Cultivating an Internal Locus of Control — and Why It’s Crucial

You didn’t get the job you really wanted. But you aren’t surprised. The odds were stacked against you anyway. Even if you prepared more, the result would’ve been the same: Someone else would’ve gotten the position.

Or you did get the job. But it has nothing to do with your qualifications, experience or interview skills. You were just at the right place at the right time. You got lucky.

You decide to start dating. Your first date is awful. It’s awkward, and they spend the entire time talking about themselves. Which only makes you feel more and more rejected. But you’re not surprised, because this seems to happen often.

According to Rebecca Turner, MS, a marriage and family therapist intern, these examples illustrate an external locus of control: a belief that what happens in your life is outside of your control. In contrast, individuals with an internal locus of control believe that what happens in their lives is within their control.

For instance, if a person with an internal locus of control gets a job, they believe that it’s, in part, due to their efforts, experience and hard work. If they don’t get the job, they examine their interview and see where they can improve — and use these insights for future interviews.

In the dating example, for starters, a person with an internal locus of control would take actions to increase their chances of meeting potential mates. They might try a dating site. They might seek out people with similar passions, joining a running club or taking a photography class. They might ask loved ones to set them up. If a date goes terribly, they remind themselves that some people simply don’t have chemistry, and sometimes things don’t work out.

Ultimately, an internal locus of control is about responsibility, Turner said. You know you don’t have complete control over your life, but you understand that you do have control over your effort, attitude and ability to be proactive. You realize that you are responsible for what you make of your circumstances, she said.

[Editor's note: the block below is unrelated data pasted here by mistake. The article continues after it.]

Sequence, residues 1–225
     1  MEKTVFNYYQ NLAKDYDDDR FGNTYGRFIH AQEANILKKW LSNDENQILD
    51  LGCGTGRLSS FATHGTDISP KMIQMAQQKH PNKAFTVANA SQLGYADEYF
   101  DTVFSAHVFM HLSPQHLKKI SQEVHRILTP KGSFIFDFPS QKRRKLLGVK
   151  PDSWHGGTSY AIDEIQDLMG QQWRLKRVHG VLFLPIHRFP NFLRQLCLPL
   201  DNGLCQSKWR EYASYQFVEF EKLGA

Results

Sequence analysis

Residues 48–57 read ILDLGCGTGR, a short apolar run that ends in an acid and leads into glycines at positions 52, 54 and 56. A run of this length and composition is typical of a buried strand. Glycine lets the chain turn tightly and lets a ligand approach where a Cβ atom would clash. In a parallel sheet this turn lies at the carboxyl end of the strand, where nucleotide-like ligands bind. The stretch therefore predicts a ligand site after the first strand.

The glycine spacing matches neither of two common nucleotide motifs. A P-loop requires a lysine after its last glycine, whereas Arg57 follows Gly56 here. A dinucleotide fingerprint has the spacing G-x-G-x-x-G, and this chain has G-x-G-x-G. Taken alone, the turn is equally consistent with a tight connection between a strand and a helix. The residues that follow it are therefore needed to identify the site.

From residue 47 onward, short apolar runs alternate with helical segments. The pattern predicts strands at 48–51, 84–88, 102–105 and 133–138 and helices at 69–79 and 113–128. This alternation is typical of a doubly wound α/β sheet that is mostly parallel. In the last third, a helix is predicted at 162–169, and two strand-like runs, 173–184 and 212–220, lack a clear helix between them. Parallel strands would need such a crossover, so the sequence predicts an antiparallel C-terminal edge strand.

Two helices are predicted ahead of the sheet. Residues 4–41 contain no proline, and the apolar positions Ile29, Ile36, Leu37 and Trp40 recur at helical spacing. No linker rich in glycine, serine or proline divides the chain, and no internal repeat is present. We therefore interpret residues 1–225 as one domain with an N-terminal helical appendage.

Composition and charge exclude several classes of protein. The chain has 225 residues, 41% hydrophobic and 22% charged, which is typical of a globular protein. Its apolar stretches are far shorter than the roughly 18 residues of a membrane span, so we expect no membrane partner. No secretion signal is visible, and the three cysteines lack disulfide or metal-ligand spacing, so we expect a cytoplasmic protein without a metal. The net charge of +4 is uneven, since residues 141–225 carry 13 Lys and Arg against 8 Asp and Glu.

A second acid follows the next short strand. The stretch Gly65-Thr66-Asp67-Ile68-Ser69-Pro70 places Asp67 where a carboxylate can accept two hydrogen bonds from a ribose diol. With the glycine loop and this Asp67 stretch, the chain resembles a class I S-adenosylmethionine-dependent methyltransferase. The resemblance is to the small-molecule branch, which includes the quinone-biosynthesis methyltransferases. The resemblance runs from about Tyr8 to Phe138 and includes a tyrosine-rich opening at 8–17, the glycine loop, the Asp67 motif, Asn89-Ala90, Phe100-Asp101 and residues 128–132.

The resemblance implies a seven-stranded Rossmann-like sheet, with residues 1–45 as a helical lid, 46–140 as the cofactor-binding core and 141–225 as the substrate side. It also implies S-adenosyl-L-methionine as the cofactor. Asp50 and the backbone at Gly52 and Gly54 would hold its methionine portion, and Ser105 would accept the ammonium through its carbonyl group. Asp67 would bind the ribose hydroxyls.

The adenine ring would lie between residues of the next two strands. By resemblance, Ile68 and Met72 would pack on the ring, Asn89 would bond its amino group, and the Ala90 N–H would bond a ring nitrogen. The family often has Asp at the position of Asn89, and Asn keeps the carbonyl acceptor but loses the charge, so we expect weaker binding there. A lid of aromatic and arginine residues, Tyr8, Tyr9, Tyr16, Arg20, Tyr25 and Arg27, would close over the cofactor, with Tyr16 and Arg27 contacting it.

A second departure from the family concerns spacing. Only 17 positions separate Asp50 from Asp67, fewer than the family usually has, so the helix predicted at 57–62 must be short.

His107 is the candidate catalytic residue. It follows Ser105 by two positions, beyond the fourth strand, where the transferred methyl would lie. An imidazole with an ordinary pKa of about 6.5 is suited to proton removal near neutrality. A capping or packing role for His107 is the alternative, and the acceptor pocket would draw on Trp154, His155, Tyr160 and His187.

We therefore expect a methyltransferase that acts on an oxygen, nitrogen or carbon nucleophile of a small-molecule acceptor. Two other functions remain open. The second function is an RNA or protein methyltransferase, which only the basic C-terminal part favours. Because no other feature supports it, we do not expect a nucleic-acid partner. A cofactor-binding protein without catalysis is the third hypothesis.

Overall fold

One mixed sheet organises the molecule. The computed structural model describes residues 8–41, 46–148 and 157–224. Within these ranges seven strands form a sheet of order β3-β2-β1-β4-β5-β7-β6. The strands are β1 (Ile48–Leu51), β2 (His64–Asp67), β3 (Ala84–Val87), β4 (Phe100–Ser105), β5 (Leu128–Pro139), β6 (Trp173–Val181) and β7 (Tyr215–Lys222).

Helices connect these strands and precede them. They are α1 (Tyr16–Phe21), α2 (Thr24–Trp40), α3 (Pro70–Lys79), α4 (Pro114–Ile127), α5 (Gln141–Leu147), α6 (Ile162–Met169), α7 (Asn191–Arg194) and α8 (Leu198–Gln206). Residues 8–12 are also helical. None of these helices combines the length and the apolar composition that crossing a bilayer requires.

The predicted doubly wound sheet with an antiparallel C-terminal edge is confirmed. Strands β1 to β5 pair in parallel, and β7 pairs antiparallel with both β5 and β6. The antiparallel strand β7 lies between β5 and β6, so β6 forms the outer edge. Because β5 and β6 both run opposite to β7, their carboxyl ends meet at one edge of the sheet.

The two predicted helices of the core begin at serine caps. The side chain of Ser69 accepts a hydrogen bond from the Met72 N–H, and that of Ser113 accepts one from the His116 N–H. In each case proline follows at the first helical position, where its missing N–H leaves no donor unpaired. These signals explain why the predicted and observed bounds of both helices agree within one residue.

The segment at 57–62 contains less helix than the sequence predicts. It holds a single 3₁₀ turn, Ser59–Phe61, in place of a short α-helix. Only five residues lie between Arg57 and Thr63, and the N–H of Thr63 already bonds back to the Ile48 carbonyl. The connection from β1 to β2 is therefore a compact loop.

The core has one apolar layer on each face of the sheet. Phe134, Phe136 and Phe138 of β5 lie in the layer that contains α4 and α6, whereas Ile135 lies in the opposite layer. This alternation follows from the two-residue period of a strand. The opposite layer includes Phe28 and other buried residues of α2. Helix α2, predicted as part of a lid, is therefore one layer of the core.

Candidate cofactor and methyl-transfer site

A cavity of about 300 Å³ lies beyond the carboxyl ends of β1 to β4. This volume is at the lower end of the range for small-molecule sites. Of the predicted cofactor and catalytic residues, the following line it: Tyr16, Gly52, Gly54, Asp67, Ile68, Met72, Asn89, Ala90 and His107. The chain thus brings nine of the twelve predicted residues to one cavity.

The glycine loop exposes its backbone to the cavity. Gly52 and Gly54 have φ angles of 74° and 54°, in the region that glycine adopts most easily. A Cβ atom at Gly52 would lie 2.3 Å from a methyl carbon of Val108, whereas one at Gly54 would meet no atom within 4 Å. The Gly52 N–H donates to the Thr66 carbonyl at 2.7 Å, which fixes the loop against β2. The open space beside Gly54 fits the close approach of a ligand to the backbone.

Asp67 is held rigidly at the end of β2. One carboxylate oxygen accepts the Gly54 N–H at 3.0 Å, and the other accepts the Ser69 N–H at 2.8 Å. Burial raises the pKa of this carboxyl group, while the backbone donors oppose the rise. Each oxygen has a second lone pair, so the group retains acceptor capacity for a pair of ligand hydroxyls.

It’s important to point out that these are general ways of how individuals interpret their world, Turner said. Which also might be “more pronounced in some areas than others, such as family versus work relationships.”

How do we develop an internal or external locus of control?

In short, it’s complicated. That is, according to Turner, it’s “likely a complex interplay of intersectional factors like family, culture, gender, socioeconomic status, experience of poverty or violence.”

For instance, maybe you grew up in a family where your emotional and physical needs weren’t met, even though you tried your best to communicate them. And you learned that what you do doesn’t matter. Maybe you grew up in an anti-Semitic country, and watched your loved ones get passed over for positions solely because of their ethnicity. As kids, we also pick up on how adults in our lives perceive and respond to their own circumstances, Turner said.